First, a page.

Going Underground in London

Gah! It’s already Sunday evening, which means I’ve only got two full days left on this trip! Time certainly does fly when you’re having fun. And I haven’t yet written about my enjoyable Saturday, but that’s what I’m here to do now, so let’s focus on that, shall we? πŸ™‚

So, Saturday. It was another glorious day outside (no rain, lots of sunshine, and plenty of warmth) and I had another fun, new-to-me activity planned. Well, the TYPE of activity, a Hidden London tour of an Underground station, wasn’t new to me as I did one at Piccadilly on my last trip, but the specific experience was new as it was a tour of a completely different station, Clapham South (which is a station I hadn’t even been to before this trip). The whole point of these tours is to explore the history of the Underground network, which may sound a bit dull to some, but I had a lot of fun on my previous tour, so I knew this one would be great as well.

The day started much like the others have on this trip, with a bit of blogging and catching up on my notifications (I always wake up to more when I’m here, since I’m going to bed when everyone back home is still up and about), but with the tour booked for 12:55, Matt and I decided to do a bit of walking towards Clapham South in the bright sunshine (I didn’t have time to do a morning walk before we left, but Matt was happy to walk more than we probably otherwise would have, allowing us to leisurely head towards our destination). There were lots of people out and about (courtesy of the sunshine and the fact that it was Saturday, I’m sure), so we had to dodge through some crowds, but things thinned out a bit by the time we got to Victoria Embankment. Lots of people talking photos though, which I can appreciate, since the weather was so great to snap photos of all the London landmarks! Speaking of which…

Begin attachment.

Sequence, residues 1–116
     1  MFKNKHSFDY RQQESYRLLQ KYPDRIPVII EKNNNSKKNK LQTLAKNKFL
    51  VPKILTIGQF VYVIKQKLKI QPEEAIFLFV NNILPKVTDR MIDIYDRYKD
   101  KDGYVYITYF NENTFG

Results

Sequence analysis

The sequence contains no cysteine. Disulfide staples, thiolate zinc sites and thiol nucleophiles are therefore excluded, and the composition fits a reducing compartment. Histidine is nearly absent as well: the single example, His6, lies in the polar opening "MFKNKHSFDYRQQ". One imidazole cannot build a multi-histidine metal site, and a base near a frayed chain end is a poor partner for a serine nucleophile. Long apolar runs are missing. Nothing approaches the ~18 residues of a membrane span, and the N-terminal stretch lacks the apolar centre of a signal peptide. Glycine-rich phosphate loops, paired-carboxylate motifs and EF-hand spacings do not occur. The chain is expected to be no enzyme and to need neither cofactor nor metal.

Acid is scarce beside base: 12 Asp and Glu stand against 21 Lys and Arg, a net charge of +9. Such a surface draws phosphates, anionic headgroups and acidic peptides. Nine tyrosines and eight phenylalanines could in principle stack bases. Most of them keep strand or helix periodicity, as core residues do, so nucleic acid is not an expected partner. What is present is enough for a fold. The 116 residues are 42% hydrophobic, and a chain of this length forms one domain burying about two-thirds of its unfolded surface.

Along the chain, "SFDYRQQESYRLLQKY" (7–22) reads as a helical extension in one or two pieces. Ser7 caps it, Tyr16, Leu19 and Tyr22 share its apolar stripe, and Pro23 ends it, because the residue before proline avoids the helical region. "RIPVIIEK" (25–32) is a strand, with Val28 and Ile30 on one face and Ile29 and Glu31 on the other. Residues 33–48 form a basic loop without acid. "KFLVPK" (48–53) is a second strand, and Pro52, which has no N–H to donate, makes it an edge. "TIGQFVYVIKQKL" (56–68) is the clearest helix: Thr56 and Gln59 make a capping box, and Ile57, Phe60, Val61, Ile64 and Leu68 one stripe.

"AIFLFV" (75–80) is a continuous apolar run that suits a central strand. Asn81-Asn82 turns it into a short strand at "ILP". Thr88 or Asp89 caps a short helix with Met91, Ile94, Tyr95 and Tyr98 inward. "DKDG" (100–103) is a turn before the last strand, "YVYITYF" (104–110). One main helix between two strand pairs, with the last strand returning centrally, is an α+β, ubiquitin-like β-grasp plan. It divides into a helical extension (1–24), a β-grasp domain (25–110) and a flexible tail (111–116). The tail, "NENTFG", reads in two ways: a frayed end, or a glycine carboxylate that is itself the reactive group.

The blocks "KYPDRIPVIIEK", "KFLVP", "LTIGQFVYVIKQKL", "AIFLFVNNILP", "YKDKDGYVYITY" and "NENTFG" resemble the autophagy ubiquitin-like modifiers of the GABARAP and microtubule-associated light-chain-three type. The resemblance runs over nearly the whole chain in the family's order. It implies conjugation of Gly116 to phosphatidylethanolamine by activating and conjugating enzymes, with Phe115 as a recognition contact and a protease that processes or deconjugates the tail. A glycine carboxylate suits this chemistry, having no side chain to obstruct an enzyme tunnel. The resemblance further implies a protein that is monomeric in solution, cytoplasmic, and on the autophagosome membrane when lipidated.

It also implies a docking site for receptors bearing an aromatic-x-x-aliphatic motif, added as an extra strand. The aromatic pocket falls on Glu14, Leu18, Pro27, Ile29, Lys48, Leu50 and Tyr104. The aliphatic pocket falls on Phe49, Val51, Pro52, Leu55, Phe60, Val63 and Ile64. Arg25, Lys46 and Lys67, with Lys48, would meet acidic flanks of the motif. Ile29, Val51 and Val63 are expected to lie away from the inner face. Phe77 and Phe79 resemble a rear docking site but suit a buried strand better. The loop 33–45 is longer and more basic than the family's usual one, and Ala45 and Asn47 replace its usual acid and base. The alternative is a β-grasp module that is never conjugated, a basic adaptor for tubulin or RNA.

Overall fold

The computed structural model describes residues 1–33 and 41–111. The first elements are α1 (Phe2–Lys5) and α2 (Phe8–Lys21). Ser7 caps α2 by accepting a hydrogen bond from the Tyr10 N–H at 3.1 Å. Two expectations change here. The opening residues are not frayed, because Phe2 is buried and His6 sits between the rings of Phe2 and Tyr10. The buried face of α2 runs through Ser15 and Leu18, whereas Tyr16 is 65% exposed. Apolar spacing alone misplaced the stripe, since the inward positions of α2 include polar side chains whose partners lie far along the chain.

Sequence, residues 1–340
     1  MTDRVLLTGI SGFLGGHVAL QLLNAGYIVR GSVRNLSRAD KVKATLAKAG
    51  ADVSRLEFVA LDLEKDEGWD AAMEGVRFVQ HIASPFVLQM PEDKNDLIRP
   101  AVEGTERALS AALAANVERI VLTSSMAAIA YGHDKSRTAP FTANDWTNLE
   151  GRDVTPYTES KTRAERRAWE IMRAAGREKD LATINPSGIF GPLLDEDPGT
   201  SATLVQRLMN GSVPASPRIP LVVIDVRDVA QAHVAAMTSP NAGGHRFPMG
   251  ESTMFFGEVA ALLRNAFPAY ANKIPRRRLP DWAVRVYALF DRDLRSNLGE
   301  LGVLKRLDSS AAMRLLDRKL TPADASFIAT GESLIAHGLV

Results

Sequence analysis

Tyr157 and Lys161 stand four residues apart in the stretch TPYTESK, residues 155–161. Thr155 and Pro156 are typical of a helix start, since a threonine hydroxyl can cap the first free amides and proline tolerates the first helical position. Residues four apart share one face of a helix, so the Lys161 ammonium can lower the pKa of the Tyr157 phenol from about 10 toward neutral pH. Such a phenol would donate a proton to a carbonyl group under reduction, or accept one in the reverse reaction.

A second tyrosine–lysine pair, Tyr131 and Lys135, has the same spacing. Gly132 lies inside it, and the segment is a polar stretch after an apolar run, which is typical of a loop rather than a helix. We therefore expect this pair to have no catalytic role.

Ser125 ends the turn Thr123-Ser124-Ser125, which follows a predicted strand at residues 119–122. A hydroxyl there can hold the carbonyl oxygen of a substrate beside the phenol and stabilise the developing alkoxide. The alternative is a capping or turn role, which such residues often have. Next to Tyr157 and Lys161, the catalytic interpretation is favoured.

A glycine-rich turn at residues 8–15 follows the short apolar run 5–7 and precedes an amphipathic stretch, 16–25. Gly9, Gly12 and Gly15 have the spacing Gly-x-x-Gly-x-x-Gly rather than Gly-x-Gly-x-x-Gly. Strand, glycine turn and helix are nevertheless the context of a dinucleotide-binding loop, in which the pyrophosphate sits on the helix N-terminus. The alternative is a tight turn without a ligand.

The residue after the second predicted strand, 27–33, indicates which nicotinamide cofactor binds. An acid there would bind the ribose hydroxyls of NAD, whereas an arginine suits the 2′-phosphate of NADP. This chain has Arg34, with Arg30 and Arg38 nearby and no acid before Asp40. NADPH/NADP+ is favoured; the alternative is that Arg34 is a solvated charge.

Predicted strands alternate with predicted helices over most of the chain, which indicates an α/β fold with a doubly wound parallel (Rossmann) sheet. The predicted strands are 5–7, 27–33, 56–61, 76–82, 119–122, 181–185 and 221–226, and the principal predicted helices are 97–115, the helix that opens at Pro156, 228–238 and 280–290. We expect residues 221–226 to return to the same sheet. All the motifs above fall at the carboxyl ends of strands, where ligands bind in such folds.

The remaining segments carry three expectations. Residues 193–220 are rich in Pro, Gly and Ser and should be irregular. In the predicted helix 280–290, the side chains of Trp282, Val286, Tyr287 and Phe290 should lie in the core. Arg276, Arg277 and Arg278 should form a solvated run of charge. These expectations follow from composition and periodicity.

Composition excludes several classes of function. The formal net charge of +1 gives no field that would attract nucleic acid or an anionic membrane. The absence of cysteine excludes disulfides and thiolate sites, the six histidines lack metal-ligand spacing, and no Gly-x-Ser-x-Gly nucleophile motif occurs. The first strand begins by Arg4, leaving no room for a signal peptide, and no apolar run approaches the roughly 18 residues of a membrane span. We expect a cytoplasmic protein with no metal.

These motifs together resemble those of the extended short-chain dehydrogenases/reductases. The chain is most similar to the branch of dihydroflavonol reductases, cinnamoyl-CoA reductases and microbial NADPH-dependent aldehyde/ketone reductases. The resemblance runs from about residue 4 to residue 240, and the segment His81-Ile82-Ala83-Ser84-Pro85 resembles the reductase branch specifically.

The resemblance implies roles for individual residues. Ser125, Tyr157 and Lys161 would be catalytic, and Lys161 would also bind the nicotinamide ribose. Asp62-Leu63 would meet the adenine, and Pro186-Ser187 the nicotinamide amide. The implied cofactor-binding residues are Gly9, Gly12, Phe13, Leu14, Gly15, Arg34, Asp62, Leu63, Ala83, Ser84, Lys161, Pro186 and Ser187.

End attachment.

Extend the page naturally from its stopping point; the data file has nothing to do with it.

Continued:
Selfie with the abbey!
Another Big Ben photo, this time taken because of the added presence of the Goodyear blimp. Anyone know why it was floating around London??
‘Ello, Eye!
Protesting against vaccinate mandates, eh? Ugh.